CBS WIRE met with Anne-Marie Søderberg to talk about her research and draw some parallels about the ongoing merger processes at CBS.
“I do hope that the ongoing reorganization processes at CBS can benefit from the knowledge that other CBS scholars and I have acquired through empirical studies of public and private mergers and the demanding post-merger integration processes. You should be aware that it can take years before those affected fully accept the organizational changes and engage themselves wholeheartedly in closer collaboration within new constellations,” she says.
The decision-makers have to give sense
The reason for the restructuring of the departments at CBS is rooted in a wish to “balance an existing overlap and to further strengthen the departments”, as the small size of several departments “entail fragility.”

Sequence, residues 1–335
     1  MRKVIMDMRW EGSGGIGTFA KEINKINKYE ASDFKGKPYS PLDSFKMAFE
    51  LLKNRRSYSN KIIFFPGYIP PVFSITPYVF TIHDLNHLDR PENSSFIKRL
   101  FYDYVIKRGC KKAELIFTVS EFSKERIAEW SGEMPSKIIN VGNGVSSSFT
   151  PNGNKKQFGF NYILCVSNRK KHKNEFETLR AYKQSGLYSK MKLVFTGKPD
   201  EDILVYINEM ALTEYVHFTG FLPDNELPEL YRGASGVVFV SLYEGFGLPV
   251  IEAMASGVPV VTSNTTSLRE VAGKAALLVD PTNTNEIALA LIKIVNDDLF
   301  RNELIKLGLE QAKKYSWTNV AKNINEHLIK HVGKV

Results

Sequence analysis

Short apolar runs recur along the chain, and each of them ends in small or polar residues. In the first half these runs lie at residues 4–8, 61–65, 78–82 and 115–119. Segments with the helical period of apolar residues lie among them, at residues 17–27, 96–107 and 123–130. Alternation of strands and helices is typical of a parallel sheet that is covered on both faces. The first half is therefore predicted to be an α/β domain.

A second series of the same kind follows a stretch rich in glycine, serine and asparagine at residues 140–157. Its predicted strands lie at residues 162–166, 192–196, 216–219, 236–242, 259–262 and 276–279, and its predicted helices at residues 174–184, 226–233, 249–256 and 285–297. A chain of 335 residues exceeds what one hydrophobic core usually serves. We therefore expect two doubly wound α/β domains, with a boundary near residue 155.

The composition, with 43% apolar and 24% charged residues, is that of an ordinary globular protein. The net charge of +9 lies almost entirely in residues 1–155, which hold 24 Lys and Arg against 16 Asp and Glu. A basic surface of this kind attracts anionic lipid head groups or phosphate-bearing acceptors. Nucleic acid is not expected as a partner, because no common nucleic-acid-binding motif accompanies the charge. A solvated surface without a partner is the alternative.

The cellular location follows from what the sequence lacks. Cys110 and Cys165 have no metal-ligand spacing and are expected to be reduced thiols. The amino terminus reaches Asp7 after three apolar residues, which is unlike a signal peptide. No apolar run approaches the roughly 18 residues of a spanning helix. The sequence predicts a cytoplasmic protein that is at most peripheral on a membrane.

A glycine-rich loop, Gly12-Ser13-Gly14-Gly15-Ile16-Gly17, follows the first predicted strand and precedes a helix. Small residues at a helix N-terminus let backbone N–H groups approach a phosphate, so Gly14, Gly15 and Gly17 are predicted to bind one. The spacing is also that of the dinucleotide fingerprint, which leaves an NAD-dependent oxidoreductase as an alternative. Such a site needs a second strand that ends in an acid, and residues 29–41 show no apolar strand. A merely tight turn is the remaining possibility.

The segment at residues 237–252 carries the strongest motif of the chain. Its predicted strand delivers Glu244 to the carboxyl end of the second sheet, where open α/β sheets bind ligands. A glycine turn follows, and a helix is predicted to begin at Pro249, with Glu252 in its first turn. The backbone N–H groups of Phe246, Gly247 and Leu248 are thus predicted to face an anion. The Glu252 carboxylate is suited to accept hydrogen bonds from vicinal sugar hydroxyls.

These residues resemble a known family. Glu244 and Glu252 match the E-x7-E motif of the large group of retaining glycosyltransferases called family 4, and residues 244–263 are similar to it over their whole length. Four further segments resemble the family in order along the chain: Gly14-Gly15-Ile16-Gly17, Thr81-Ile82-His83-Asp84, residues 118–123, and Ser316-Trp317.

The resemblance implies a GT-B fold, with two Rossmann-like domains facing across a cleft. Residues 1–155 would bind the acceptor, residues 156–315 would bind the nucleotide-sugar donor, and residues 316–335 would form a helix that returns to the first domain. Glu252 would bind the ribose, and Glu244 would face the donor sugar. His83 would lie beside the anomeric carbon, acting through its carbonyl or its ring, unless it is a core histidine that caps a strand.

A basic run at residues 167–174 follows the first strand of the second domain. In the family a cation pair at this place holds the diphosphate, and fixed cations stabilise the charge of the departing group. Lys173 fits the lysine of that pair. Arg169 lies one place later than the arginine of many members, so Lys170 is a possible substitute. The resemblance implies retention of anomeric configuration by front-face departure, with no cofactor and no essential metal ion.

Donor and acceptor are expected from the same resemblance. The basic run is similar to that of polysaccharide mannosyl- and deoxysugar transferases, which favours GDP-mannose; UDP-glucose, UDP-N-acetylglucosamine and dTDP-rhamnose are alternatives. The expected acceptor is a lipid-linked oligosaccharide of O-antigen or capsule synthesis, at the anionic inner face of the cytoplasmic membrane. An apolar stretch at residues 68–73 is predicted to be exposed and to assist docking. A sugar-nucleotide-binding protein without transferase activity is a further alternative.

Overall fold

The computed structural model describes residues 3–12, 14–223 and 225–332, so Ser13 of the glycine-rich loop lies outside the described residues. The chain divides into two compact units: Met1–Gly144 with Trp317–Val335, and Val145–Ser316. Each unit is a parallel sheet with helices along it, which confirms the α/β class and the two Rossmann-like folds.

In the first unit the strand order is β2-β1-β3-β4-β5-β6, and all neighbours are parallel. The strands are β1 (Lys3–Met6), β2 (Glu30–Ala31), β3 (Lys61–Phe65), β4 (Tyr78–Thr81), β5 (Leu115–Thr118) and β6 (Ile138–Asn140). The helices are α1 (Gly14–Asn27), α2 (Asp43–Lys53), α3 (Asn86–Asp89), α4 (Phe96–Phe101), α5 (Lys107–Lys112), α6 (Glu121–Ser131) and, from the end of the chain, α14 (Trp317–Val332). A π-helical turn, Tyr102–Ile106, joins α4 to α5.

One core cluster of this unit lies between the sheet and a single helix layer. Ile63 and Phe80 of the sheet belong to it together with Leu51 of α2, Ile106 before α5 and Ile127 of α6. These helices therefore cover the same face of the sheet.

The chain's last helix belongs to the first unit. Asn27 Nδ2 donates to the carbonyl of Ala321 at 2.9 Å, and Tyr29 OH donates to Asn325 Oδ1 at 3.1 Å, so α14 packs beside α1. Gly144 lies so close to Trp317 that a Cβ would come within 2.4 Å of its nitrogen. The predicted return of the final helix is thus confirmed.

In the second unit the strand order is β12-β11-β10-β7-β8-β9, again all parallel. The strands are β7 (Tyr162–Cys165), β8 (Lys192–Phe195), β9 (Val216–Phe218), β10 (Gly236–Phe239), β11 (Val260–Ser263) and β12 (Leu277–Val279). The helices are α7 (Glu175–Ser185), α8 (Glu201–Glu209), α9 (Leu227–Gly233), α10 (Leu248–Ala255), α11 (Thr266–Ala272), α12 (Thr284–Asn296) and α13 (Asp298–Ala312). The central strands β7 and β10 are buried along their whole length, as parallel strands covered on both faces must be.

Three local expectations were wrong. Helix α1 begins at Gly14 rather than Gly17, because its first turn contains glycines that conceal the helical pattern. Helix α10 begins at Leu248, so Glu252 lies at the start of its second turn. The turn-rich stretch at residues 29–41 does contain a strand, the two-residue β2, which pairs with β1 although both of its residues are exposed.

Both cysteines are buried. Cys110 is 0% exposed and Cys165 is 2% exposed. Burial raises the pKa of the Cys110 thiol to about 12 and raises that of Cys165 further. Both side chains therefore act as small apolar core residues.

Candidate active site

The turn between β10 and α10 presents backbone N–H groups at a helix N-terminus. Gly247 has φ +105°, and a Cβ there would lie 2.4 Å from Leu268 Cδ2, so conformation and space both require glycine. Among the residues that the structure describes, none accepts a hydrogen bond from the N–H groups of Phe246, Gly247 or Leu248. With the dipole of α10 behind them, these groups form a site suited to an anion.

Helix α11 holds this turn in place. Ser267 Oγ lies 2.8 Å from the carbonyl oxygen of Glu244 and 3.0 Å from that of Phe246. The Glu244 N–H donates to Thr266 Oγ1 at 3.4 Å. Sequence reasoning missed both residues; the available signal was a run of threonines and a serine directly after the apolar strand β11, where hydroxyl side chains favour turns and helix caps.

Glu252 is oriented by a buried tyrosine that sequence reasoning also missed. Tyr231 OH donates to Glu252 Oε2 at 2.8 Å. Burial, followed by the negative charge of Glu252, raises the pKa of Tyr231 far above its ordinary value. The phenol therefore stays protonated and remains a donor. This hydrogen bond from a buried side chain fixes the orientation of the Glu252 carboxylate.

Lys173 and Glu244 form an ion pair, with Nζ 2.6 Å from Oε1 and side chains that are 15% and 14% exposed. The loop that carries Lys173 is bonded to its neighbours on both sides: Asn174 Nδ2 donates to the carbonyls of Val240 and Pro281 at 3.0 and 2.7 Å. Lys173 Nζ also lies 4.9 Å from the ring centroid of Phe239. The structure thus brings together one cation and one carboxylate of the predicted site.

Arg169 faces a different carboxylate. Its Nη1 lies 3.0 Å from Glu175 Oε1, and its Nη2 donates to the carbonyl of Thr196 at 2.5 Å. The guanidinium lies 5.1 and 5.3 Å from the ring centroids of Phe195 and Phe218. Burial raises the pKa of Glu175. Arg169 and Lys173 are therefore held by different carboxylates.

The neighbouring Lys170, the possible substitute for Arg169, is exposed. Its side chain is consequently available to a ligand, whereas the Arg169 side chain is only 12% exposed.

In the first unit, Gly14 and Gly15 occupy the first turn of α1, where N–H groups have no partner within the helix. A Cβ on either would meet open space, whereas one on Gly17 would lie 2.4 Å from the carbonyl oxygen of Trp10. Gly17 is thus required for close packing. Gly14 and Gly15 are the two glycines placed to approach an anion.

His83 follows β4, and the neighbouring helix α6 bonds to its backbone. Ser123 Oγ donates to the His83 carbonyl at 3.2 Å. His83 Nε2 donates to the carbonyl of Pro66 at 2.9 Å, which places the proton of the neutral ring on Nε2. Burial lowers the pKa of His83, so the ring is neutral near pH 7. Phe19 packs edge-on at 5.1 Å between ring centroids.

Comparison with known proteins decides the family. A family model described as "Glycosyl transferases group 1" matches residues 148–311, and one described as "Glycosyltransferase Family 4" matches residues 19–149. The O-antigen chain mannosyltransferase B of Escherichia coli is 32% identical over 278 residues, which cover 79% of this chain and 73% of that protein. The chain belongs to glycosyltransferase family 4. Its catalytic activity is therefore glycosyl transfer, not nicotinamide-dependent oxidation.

Read more: Merging, fusion, reorganization? Eight CBS departments are facing restructuring
This reason in itself is rational, says Anne-Marie Søderberg, however, management – whether it be at CBS or in any organization – must also play a crucial role as “sensegivers” to the merger decisions as Anne-Marie Søderberg puts it.
“When private companies merge, top management often points out that the fusion can lead to new market shares, new products in the portfolio, or that a stronger research and development unit can ensure a more prosperous future for the company and its employees. When a CEO can point that out, the merger is much more likely to be met by acceptance among the employees, even when the merger may also imply moving to a new location, getting a new boss, or new colleagues. These are issues that may create anxiety among some employees, but others may perceive these changes as beneficial,” she says.
The merger means that the department’s clear and strong international profile is weakened publiclyCBS Professor in leading position